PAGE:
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Fortress 2

Fortress 2


Today’s feature is Fortress 2: an arguably unnecessary follow-up to 1992’s sci-fi prison break movie, Fortress.

The screenplay for Fortress 2 was written by producer John Flock in association with Peter Doyle (Leningrad), with story credit going to original Fortress writers Troy Neighbors and Steven Feinberg.

The director for Fortress 2 was Geoff Murphy, who was also behind such movies as Freejack, Young Guns II, and Under Siege 2: Dark Territory.

The cinematographer for the movie was Hiro Narita, who shot flicks like Hocus Pocus, Star Trek VI: The Undiscovered Country, Honey, I Shrunk The Kids, and James and the Giant Peach.

The editor for Fortress 2 was James R. Symons, who additionally cut the films Rambo III, Teenage Mutant Ninja Turtles, Tank Girl, Over The Top, Cobra, and Teenage Mutant Ninja Turtles III.

The producers for the film included Romain Schroeder (Dog Soldiers, Feardotcom), Tom Reeve (Wing Commander), and John Flock (The Good Shepherd).

The music for Fortress 2 was composed by Christopher Franke, who has also scored shows and movies like McBain, Babylon 5, Universal Soldier, and Green Street Hooligans.

The effects work for Fortress 2 was done by a team that included Mark Pompian (Species, Stargate, Last Action Hero), Ralph Maiers (Monkeybone, The Omega Code, Mortal Kombat: Annihilation), Steve Cummings (Air Force One, Deja Vu), Terry Whitehouse (Charlie And The Chocolate Factory), Seth Tamrowski (Baby Geniuses), Erik Strauss (Hancock, Beowulf), Ghislaine Soisson (Wing Commander), Lesley Lamont-Fisher (Alien vs. Predator), and David Pride (Dark City, The Matrix), among many others.

The cast of Fortress 2 is headlined by the primary star of the previous  movie, Christopher Lambert (Mortal Kombat, Highlander II, Druids, Fortress), as well as Beth Toussaint (Scream 3, Red Eye, Dead Heat), Pam Grier (Class of 1999, Jackie Brown), and a handful of bit players and character actors.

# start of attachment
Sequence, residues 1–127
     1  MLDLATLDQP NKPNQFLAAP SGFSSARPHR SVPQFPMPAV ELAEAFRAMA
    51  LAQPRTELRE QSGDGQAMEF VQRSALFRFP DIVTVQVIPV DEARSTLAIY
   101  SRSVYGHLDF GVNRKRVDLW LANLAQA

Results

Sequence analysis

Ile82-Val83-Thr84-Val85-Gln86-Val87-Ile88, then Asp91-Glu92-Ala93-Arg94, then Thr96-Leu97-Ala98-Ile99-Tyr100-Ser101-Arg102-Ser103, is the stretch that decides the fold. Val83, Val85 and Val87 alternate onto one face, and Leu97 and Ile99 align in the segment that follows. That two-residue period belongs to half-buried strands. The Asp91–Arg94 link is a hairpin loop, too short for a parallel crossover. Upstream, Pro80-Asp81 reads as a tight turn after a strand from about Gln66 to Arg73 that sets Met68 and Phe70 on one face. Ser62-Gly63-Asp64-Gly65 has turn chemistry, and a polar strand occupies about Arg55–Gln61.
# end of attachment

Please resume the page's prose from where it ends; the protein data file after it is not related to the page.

fortresstwo2The plot of Fortress 2 is summarized on IMDb as follows:

7 years after the original Fortress movie, Brennick and his family are still on the run from the Men-tel corporation. A group of rebels attempt to gain his support but he refuses, wanting to focus on his family. A raid follows and Brennick along with the rebels are captured and sent to a new, more sophisticated fortress prison in outer space. But Brennick’s not a man to give in easily, and with a 10 year old son waiting for him back on earth, he’s going to pack some serious assault on the evil corporation.

Fortress 2 was absolutely blasted by critics and audiences alike: it currently holds a 4.4 user rating on IMDb, along with Rotten Tomatoes ratings of 0% from critics and 21% from audiences. I wasn’t able to dig up any gross information, but it almost certainly came up far short of its estimated $11 million budget.

The original Fortress, if you ask me, is a pretty fun b-movie with plenty of upsides. I am a little surprised that it wound up with a sequel though, as it was hardly a big movie. Fortress 2 is, as with many sequels, a very similar movie to its predecessor, with only some slight twists on the formula. The idea of setting the second ‘prison’ (actually a forced labor facility) in space was a pretty good concept in my opinion, and it fits well with the futuristic design of the first movie. The biggest drawback of this sequel is a weaker supporting cast than the original, which boasted the likes of Jeffrey Combs and Kurtwood Smith in memorable roles. The biggest addition for the sequel is Pam Grier, who does ham it up pretty well in her limited villain role.